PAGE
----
- Complete a claim-evidence-reasoning document (see Google Slide) to support your argument.
Collect Evidence about the Ambae Island Volcano
- Use the map and the following coordinates to help create a map of this region in the Earth System Data Explorer. Ambae Island is located at 15.39 S and 167.82 E.
- Create a line graph and mapped monthly images for both datasets for Ambae Island in 2018. These datasets can be found under the Atmosphere in Aerosols: 1.) Monthly Aerosol Optical Depth and 2.) Monthly Air Column Concentration of SO2.
Analyzing the Ambae Eruption Data
Review the maps and the line graphs for Monthly Aerosol Optical Depth and Monthly Air Column Concentration of SO2 data.
- Which month do you think had the most volcanic activity?
- What evidence do you have to support your answer?
Comparing Volcanic Eruptions for 2018
Now compare Ambae Eruption Data with data from Kilauea, Hawaii.
- How do the mapped images compare for the months of volcanic activity? (Compare the eruption month for Kilauea to the eruption month for Ambae.)
- How do the graphs compare for the months of volcanic activity? (Compare the eruption month for Kilauea to the eruption month for Ambae.)
- Which eruption do you think was larger?
- Do the images and graphs both support your conclusion? Explain.
- Which type of evidence is the most precise?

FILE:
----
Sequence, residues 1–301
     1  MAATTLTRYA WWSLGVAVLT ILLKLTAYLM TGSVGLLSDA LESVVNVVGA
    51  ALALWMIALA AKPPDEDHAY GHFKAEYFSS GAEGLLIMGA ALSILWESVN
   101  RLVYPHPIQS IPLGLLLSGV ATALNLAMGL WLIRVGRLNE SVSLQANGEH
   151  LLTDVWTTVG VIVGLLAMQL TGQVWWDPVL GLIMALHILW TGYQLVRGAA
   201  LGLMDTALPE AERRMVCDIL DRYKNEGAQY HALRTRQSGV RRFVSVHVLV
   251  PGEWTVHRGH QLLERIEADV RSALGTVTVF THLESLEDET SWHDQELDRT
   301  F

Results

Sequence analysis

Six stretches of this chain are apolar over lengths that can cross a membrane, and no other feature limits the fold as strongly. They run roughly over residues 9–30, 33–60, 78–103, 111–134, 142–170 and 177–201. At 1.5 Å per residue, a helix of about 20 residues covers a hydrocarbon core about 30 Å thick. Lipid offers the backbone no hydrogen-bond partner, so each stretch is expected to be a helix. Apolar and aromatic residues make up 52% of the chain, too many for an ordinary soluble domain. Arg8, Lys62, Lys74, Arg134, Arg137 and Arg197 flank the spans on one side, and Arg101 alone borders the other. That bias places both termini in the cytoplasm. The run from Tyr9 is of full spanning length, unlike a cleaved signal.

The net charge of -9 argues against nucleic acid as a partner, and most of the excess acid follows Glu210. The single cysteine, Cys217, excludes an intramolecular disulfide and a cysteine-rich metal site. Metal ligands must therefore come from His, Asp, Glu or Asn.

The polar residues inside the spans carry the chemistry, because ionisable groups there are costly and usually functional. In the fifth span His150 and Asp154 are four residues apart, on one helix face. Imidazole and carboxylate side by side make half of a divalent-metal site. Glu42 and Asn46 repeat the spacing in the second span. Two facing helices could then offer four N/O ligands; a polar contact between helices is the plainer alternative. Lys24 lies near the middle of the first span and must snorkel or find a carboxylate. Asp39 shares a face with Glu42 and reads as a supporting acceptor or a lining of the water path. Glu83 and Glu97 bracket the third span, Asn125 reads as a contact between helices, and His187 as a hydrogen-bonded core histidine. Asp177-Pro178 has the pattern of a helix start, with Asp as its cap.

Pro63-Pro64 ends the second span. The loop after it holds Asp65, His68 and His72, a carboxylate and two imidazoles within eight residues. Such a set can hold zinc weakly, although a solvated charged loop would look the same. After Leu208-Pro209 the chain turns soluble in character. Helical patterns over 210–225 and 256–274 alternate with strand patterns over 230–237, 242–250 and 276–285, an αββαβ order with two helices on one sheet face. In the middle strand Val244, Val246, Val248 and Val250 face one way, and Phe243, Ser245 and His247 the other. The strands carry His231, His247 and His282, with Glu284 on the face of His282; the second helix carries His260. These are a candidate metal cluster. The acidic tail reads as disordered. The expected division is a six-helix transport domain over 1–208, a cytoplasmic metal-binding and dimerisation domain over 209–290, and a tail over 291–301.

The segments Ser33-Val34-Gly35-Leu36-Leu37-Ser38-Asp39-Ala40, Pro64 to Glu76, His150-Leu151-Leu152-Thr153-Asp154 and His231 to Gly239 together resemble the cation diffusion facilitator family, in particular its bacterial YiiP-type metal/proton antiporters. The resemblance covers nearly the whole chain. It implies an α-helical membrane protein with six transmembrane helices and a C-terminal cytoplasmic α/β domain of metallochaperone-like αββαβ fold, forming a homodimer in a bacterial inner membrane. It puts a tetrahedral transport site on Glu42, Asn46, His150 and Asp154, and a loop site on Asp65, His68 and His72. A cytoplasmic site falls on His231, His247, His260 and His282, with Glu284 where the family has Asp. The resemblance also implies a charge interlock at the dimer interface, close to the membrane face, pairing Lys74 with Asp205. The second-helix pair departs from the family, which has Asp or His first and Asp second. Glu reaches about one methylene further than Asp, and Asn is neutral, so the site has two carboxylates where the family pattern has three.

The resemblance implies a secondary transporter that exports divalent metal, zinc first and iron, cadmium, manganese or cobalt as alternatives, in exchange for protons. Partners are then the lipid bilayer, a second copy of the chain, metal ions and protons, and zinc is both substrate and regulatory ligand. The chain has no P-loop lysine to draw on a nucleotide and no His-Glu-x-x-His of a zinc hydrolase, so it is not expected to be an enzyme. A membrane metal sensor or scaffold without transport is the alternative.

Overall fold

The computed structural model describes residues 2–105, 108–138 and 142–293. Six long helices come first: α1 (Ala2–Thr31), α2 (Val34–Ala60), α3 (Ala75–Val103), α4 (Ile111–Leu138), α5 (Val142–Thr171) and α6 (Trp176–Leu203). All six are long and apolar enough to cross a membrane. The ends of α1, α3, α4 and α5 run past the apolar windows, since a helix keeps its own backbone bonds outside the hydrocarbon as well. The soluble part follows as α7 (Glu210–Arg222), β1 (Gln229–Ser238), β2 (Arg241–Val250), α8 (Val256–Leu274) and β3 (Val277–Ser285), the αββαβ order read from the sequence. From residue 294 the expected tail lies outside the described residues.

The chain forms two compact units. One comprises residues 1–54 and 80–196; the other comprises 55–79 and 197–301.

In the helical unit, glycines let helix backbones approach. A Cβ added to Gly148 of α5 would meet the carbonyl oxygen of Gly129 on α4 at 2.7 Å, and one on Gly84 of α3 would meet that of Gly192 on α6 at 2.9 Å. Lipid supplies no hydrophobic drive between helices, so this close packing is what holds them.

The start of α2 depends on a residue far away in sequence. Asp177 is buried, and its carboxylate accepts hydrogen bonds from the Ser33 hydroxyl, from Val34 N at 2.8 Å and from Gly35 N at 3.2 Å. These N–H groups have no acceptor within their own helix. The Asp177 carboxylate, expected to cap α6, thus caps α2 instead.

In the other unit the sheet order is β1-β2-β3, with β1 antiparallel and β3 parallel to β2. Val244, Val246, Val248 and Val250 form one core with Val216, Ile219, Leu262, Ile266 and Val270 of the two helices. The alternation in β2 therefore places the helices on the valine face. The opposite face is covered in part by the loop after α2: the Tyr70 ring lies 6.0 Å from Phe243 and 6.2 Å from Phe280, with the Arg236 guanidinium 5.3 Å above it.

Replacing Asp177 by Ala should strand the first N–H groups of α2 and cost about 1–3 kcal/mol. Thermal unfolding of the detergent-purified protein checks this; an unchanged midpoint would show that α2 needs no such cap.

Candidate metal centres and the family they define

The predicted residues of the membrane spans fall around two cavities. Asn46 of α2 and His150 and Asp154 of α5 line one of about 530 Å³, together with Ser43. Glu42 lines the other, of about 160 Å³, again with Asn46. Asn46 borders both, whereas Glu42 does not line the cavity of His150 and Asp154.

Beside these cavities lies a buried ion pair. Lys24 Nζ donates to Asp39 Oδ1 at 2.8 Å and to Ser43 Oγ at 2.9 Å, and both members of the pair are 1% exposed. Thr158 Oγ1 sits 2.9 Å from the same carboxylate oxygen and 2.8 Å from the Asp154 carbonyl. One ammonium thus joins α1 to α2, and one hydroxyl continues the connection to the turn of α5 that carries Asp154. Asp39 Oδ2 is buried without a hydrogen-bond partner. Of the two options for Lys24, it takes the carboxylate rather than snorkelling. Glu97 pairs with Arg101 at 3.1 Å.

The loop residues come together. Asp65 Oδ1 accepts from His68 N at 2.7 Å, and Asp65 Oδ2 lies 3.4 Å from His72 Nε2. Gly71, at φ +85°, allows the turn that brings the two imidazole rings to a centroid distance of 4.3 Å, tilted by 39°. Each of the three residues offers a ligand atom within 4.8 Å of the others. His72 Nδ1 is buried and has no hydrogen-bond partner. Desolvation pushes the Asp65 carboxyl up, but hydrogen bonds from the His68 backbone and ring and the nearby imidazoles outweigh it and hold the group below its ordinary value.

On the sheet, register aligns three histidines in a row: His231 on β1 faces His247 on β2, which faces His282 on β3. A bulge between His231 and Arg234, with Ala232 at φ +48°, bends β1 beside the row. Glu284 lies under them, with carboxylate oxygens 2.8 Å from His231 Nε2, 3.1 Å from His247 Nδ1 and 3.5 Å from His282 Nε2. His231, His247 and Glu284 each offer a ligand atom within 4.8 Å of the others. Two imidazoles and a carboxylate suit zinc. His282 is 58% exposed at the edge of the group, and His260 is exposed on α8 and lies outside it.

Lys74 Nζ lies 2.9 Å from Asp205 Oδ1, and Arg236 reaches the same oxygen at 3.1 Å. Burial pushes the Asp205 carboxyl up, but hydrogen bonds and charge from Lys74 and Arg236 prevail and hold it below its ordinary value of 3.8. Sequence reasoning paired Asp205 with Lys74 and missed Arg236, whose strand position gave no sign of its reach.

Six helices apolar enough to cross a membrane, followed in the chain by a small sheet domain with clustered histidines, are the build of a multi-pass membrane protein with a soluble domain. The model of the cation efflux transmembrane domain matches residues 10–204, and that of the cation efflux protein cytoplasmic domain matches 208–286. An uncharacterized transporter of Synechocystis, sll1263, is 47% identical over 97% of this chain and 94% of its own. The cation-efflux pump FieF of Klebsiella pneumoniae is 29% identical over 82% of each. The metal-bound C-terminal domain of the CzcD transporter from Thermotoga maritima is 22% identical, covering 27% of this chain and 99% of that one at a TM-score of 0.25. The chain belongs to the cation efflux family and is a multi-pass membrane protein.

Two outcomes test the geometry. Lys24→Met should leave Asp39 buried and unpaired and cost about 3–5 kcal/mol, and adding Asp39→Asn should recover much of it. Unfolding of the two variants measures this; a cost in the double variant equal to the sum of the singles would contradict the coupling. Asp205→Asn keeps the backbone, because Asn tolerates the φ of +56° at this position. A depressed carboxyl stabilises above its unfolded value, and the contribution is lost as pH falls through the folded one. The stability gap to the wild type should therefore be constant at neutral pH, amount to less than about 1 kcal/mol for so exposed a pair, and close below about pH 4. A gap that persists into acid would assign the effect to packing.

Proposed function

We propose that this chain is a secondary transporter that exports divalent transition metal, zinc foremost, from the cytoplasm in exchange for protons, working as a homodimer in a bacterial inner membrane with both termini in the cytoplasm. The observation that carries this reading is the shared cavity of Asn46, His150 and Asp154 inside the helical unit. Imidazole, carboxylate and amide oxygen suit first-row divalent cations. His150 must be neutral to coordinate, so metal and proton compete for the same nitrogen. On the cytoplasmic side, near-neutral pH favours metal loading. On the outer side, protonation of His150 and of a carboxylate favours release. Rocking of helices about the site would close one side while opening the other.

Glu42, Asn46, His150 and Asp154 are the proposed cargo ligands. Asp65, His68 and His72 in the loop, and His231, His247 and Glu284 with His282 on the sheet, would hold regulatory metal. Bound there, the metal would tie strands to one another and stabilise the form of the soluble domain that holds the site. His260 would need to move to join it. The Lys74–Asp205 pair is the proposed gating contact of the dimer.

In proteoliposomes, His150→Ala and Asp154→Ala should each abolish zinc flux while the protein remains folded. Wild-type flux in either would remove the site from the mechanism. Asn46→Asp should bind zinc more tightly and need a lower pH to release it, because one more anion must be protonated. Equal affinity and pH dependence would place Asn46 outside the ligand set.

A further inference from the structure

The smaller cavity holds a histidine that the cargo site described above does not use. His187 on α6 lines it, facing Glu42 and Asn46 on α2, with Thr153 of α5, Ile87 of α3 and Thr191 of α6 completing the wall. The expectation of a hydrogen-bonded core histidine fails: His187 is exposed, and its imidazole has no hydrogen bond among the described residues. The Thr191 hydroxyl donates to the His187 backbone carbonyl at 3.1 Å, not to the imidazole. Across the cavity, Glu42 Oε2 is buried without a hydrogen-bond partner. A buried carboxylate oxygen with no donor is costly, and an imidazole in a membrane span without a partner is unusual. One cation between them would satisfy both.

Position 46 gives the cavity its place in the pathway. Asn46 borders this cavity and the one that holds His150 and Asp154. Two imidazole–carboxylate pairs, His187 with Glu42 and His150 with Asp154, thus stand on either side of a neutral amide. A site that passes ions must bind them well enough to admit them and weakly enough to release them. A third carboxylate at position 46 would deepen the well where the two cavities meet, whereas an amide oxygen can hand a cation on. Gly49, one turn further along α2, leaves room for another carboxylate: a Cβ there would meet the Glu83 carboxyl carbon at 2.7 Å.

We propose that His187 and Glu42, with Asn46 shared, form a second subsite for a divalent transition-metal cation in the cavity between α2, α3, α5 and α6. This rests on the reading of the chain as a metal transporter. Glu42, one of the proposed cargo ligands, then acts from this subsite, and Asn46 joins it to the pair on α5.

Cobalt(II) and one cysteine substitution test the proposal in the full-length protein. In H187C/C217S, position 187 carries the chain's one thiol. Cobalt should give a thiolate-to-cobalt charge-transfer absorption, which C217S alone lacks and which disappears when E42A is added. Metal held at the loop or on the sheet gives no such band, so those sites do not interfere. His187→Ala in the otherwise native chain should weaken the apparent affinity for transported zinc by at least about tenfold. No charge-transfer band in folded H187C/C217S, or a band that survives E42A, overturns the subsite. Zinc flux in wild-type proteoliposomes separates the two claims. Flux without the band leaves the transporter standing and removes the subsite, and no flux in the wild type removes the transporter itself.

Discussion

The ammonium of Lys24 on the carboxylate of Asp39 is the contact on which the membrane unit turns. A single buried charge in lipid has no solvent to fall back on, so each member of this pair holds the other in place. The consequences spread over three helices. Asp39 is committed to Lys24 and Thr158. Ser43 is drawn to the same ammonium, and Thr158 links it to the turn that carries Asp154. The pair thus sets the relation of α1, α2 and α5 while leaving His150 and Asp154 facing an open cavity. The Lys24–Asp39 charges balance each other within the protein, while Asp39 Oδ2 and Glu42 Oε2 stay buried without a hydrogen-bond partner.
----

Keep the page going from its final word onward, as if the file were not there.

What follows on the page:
Support your Claim with Evidence
- Complete the Claim-Evidence-Reasoning table in the Google Slide.
- The rubric used for evaluation is included with the Claim-Evidence-Reasoning table.
Supported NGSS Performance Expectations
Supported Common Core Math
- CC.6.EE.9 Represent and analyze quantitative relationships between dependent and independent variables. Use variables to represent two quantities in a real-world problem that change in relationship to one another; write an equation to express one quantity
- CC.9-12.S.IC.6 Make inferences and justify conclusions from sample surveys, experiments, and observational studies. Evaluate reports based on data.*
- Analyze data to find evidence of volcanic activity.
- Analyze more than one data source for evidence of activity.
- Make a claim based on evidence of which eruption was larger.
- Explain the evidence and reasoning used to make a claim.
- Which eruption was larger?
- What evidence do you have to support your claim?
- Ability to read a line graph
- Understanding of latitude and longitude
Students may think that all volcanoes erupt violently.
Source: Ohio State University
NASA Getting the Big Picture
NASA uses satellites for many different purposes. Watch this video for general information.
About the NASA Disasters Program
The Disasters Applications area promotes the use of Earth observations to improve prediction of, preparation for, response to, and recovery from natural and technological disasters. Disaster applications and applied research on natural hazards support emergency preparedness leaders in developing mitigation approaches, such as early warning systems, and providing information and maps to disaster response and recovery teams.
In order to accomplish these goals, satellite data are used. To study volcanoes, multiple instruments on satellites are used. Those highlighted in this lesson are the OMI and MISR instruments.
The Ozone Monitoring Instrument (OMI) instrument can distinguish between aerosol types, such as smoke, dust, and sulfates, and measures cloud pressure and coverage, which provides data to derive tropospheric ozone.
OMI continues the TOMS record for total ozone and other atmospheric parameters related to ozone chemistry and climate. OMI measurements are highly synergistic with the other instruments on the Aura platform.